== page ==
"In the old days," Stolberg says, "back when doing deals was a slam dunk, I could buy a good company for 4 times earnings. But now, there are a lot of people around who don't mind paying 8 times, or 10, or even higher. It's gotten ridiculous." The Microwave deal's multiple of 5 times EBIT (earnings before interest and taxes) was like buying a gallon of gasoline for 50?. Moreover, the team's computer model predicted that the company could easily be worth $15 million in only a few years. All that was necessary now was to build the financial bridge to get there.
Most of the calculations that ultimately produce a given deal's financial structure assume a five-year period of operations. The team first projects a profile of what the new company's operating results will look like in the fifth year and then hypothesizes what value is likely to be placed on those results if the company were to use any one of three so-called "paths to liquidity": taking the company public, selling it, or having management buy out WPG's interest. That ending value must give WPG a compound annual rate of return over the five-year period of at least 50%, and it must also make the equity position of each of the top managers worth at least $2 million -- a wholly pleasant experience for managers known in-house as "the equity pop." From these premises, mathematics alone will reveal the deal's basic debt-to-equity ratio, which then must be tinkered with to make room for future growth, particularly through acquisitions.
The final Microwave structure was a model of economy and efficiency, employing as it did a line of reasoning common to many buyouts. The WPG team put up $150,000 in equity representing a 75% ownership, while Morrill, Dahn, and Collins contributed the required cash for a 25% stake. The team then added a $1-million revolving loan from a bank and took back a note for $1.35 million fully subordinated to the bank debt. The type of debt used was, in itself, extremely important, because the bank will view the subordinated debt as permanent capital that both decreases the bank's overall risk and encourages it to expand the "revolver" again after the balance has been paid down should an acquisition present itself.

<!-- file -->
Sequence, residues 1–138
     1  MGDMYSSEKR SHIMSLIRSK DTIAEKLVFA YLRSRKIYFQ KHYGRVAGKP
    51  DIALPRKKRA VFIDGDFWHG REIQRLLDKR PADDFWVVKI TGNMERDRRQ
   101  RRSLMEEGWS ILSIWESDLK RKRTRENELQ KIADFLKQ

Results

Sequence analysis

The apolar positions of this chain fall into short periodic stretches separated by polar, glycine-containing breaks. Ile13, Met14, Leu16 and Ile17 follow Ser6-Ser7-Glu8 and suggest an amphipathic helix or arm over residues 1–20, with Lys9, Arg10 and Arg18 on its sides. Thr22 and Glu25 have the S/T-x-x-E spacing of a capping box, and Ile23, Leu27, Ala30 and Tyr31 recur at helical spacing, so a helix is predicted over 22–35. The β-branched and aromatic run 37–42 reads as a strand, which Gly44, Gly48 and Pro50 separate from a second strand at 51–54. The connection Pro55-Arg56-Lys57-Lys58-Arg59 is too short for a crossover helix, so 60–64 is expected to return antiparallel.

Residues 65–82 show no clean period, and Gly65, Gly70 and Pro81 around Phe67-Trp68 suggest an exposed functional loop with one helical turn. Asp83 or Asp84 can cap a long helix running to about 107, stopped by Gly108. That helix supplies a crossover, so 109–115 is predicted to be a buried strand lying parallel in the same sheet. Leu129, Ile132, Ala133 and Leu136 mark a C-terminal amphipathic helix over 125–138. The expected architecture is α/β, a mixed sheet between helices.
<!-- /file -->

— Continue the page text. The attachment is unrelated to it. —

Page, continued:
In other ways, too, the final structure served Microwave's best interests. For example, the team's projections indicated that cash flow would cover interest charges by a factor of 2 and that the company would be able to reduce its total debt to within 50% of the capital structure within 18 months. Moreover, $2.35 million in debt against $200,000 in equity represented leverage of roughly 12 to 1. Because the team also agreed to allow M/A-Com future royalties representing 5% of sales of the acquired product line in excess of $4.5 million, the value of that concession, in effect, pushed the total purchase price to roughly $3.2 million. But here, too, the terms worked to Microwave's advantage, since the company's products would be sold by M/A-Com's sales force, among others.
After six months of frustration and 20 rejections, but only 60 days after their first meeting with the team, Morrill and Dahn became entrepreneurs. For Morrill, the process of building value had just begun. "I found that the sense of responsibility to the people who work here was nearly overwhelming," he says. "Things are much more real. They're just not numbers on a piece of paper anymore." More than anything else, Morrill discovered that the activities he had once taken for granted in a large company now required an extraordinary amount of personal attention. Today when he loses a piece of business or when a receivable starts to get a bit moldy, he's quick to pick up the phone and talk to the customer personally. "You can't keep yourself aloof from your business," he says. "You take nothing for granted. You take it personally. You're scrapping all the time."